The well-rounded team has overcome a loss and scheduling challenges to reach this point.
They might be young, but the players on the Sarasota National All-Star baseball team practice like grizzled veterans.
The 10-, 11- and 12-year-olds are all business in the batter's box. They field ground balls cleanly and put away pop ups like they're nothing. The players are loose and having fun, but they work hard. It's a recipe that has landed the team in the Little League Florida State Tournament, coming up Friday-Sunday in Palm Coast, after winning its sectional tournament on July 10.
The team stamped its sectional tournament win with a 5-2 victory over LaBelle Little League. Earlier in the day, the team defeated Bonita Springs Little League 2-1. The sectional tournament win was made possible because of the team's District 16 championship win over local rival Sarasota American.
Coach Matt Snelson didn't think about reaching this point when he agreed to manage the team. Snelson said he volunteered to make sure his son, 12-year-old Chase Snelson, had a good All-Star experience, the same reason he coached Chase's regular season team — and won the regular-season league title. It just so happens, Matt Snelson said, that this All-Star team is chock-full of talent, and his assistant coaches are helping being that talent to the surface.
"I just pull the strings," Snelson said. "I got lucky. I deal with the parents and the district administrators. It's been fun to watch these kids. We have a good team. It's funny, when this all started I said, 'I just want to win a game,' because you don't know what you have. We only had three weeks of practice before our first district game. Now we're going to states."
The team's road has not been easy, not only because of strong opposition but also because of scheduling conflicts. Many of the team's players are on travel teams with events happening all summer long. At Monday's practice, Sarasota National had nine of its 13 players on hand. It could have been fewer — Snelson said he had Chase Snelson skip an event to remain with the All-Star team. The missing players will be flying back for the state tournament, though one player, Braedon MacKay, would be forced to miss the state championship game Sunday — if the team advances that far — as he's competing in the Little League Home Run Derby East Regional at Kauffman Stadium in Kansas City, Missouri that day.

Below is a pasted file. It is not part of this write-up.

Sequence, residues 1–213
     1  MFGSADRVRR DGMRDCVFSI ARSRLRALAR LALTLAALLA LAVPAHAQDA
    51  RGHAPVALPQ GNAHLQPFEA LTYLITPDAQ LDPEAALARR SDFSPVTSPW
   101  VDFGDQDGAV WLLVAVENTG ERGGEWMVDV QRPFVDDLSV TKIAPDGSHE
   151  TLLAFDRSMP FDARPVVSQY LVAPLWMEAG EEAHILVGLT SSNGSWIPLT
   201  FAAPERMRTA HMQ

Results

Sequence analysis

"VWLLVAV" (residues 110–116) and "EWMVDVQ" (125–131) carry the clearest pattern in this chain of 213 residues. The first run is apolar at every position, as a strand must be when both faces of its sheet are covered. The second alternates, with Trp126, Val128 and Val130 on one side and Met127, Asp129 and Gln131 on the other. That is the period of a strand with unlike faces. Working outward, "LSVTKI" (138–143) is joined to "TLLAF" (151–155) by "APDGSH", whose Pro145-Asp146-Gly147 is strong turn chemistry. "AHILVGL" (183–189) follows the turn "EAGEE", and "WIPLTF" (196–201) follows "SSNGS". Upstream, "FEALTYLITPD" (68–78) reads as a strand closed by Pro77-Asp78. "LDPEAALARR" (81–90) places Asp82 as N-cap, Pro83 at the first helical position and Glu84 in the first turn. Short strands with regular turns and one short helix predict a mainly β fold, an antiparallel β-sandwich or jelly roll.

The schedules are a lot for coaches to manage, but the players don't seem to mind, or even notice. The players available are the players who will play, and the team is confident that whoever is playing will be able to produce.
"The district championship game was fun," RJ Shields, 12, said. "They (Sarasota American) beat us the game before, but then we crushed them. That showed us a lot. I think we can go all the way."
Shields is one of the team's top pitchers and hit a home run in the team's district championship win. Shields said his favorite pitch is his breaking ball, a "slurve," because of how much it moves and fools hitters. Shields said as long as the team's pitchers do their job, he's confident the team can keep winning.
Chase Snelson said the team never doubted itself after dropping the game against Sarasota American, instead relishing the chance to face them again. Sarasota National knew it had more depth, Snelson said, and they proved it. It is that depth that makes Snelson think the team has a chance to go far.
Caden Armstrong, 12, said the team's practices normally focus on defensive skills, both infield and outfield drills, though Monday's practice also included batting practice. This year is Armstrong's first time playing All-Star baseball, he said, and he didn't know what to expect. He thought the practices might be more intense but he warmed to their level quickly, he said. The experience has been a fun one. Armstrong was on the mound to close out the win against LaBelle.
"I was just trying not to walk anyone," Armstrong said. "Thankfully I can throw my curveball for strikes."
Olivia Lockhart, 12, was absent from Monday's practice for travel ball obligations, but has been one of the team's most potent weapons in the hitter's box and on the mound. Bill Lockhart, Olivia's father and an assistant coach with the team, said his daughter has never played softball, only baseball. She'd rather compete with the boys and pitch overhand and get dirty sliding into second base, Bill Lockhart said.
Sarasota will play its first state tournament game at 7 p.m. Friday against Northeast Little League (St. Petersburg) in Palm Coast. The tournament will span the weekend, with the championship game being held 10 a.m. Sunday. The winner of the tournament will advance to the Southeast Regional Tournament, held Aug. 6-11 in Warner Robbins, Georgia, the last hurdle before the Little League World Series in Williamsport, Pennsylvania.
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